By Kyle Aristophere T. Atienza, Reporter
A PHILIPPINE resupply mission had reached a remote outpost at Second Thomas Shoal in the South China Sea on Tuesday despite attempts by Chinese ships to block the boats carrying fresh supply for Filipino marines, authorities said.
“The routine follow-on rotation and resupply mission to the BRP Sierra Madre was successfully conducted today,” the National Task Force for the West Philippine Sea said in a statement.
The National Security Council (NSC) said Philippine Navy vessels were also on standby during the mission.
A handful of Filipino troops are stationed at BRP Sierra Madre, a rusty World War II-era US ship that the Philippines intentionally grounded at Second Thomas Shoal in 1999 to assert its claim.
The shoal is about 200 kilometers (124 miles) from the Philippine island of Palawan and more than 1,000 kilometers from China’s nearest major landmass, Hainan Island.
President Ferdinand R. Marcos, Jr. has rejected claims by the Chinese government that it had agreed to remove the vessel from the disputed shoal.
China deployed four militia ships “to take up blockade positions” as the Philippines conducted the resupply mission, Raymond Powell, project lead at the Gordian Knot Center for National Security Innovation, said in a series of tweets.
He said China had also deployed 11 AIS-visible Qiong Sansha Yu militia ships starting Monday afternoon.
“Routine missions to Philippine outposts on various features in the West Philippine Sea will continue on a regular basis,” NSC said, adding that resupply missions are part of the Philippine government’s legitimate exercise of its administrative functions over its territories in the South China Sea.
The activities are in line with the United Nations Convention on the Law of the Sea and 2016 arbitral ruling that voided China’s claim to more than 80% of the South China Sea, it added.
Tensions between the Philippines and China worsened after the Chinese Coast Guard, backed by maritime militia ships, fired water cannons at Philippine vessels on a resupply mission to the shoal on Aug. 5.
Only one of the two boats chartered by the Philippine military managed to deliver food, water, fuel and other supplies to troops on BRP Sierra Madre.
“Understanding China’s behavioral pattern since 2008 shows that it is also quite wary of conducting back-to-back provocations in the South China Sea that can lead to major miscalculations,” said Don Mclain Gill, who teaches foreign relations at De La Salle University in Manila.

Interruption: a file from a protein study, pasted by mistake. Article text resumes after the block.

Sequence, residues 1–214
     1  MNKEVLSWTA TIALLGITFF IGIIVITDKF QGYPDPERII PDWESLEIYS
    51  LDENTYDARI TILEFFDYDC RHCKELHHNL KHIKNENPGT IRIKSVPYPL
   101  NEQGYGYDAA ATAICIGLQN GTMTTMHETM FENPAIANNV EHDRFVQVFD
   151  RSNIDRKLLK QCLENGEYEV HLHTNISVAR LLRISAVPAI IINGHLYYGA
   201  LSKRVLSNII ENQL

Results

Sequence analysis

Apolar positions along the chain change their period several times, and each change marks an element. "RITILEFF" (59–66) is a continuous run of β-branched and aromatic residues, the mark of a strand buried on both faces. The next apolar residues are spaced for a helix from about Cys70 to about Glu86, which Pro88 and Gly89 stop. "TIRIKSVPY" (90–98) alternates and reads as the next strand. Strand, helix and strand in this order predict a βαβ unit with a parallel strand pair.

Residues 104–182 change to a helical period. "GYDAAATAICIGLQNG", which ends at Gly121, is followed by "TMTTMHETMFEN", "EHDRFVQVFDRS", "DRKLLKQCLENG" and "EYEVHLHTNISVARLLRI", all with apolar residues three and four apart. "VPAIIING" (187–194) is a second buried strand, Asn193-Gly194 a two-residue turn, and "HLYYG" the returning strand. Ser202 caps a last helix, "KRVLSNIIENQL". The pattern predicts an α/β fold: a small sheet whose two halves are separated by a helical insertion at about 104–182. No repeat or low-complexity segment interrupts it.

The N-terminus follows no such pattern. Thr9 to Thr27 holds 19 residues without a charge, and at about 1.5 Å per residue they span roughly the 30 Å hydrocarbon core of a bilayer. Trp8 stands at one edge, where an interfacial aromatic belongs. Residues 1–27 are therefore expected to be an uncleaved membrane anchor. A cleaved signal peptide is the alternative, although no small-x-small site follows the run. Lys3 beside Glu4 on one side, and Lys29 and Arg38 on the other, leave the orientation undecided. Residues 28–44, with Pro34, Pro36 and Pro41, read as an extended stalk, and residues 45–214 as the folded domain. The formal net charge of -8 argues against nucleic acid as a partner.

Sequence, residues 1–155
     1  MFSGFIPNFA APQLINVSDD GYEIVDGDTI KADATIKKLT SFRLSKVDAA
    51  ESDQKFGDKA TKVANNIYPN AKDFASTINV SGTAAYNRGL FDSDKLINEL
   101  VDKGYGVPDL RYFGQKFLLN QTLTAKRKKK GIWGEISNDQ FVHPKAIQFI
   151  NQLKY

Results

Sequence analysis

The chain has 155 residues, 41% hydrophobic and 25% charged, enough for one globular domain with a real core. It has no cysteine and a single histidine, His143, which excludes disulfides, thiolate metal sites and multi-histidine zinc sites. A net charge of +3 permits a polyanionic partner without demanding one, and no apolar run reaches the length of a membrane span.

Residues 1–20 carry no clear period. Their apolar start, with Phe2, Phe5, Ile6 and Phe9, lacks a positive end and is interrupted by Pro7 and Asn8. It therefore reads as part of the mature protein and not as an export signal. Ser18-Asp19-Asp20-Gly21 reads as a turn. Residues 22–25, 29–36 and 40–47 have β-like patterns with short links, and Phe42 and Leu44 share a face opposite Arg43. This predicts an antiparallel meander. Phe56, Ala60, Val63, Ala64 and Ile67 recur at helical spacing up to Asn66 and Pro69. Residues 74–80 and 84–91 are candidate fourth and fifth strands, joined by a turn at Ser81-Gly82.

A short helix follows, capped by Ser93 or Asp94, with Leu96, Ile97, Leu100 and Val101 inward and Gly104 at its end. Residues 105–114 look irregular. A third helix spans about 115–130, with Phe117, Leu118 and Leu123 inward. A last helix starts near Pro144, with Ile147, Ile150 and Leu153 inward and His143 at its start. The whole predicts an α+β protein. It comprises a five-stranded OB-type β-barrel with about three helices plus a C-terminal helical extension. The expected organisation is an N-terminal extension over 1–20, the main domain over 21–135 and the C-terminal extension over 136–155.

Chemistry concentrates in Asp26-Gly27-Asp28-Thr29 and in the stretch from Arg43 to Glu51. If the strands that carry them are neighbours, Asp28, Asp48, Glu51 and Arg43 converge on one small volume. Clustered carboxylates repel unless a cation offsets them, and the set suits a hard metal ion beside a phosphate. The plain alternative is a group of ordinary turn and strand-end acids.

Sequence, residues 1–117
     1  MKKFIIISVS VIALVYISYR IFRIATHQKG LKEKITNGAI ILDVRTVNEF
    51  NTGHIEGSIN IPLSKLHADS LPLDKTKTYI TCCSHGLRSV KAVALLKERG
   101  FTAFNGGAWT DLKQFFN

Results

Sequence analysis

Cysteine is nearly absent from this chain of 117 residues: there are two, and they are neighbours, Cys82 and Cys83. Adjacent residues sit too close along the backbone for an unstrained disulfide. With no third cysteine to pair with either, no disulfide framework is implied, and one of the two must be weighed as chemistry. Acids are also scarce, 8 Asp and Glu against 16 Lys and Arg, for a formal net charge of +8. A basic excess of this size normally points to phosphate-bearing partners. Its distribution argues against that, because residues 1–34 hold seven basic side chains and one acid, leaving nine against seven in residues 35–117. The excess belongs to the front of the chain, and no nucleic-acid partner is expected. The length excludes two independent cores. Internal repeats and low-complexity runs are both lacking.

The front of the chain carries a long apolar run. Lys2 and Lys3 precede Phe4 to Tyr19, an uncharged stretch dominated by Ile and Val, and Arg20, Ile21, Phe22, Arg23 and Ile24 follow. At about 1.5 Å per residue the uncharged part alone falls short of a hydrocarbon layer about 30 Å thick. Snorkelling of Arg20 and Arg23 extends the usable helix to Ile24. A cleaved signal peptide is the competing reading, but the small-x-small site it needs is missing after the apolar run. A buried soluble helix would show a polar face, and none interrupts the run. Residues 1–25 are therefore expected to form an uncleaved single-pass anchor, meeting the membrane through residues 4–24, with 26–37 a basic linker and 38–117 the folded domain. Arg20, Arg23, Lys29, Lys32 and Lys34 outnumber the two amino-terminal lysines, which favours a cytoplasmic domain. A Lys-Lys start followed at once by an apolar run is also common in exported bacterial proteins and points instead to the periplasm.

“While China sought to show that it was present in the area, it did not try to block the resupply mission in Philippine waters due to the critical international backlash it faced a few weeks ago,” he said in a Facebook Messenger chat.
The future remains uncertain, Mr. Gill said, noting that throughout the years, China has occasionally limited its assertive maneuvers in Philippine waters.
“Such timidness falls short of a clear and consistent position in the long term,” he said. “Therefore, it is likely for Beijing to resume its assertiveness if it feels that the international attention toward its belligerent posturing has decreased.”
The Aug. 5 incident prompted statements of concern from various countries, including the United States, Japan and Australia.
“The Philippines and like-minded partners should continue their proactive engagements to not only secure the rules-based order but also strengthen norms that China seeks to weaken,” Mr. Gill said.
“The bravery and indignant posture of our coast guardians and marines against their aggresors in our own maritime domains are commendable as the world sees how sovereign archipelagic nation like the Philippines values maritime and international laws,” said Chester B. Cabalza, founder of Manila-based International Development and Security Cooperation.
But the Philippines should find more ways to stop the Chinese Coast Guard’s aggression at sea, he said in a Facebook Messenger chat.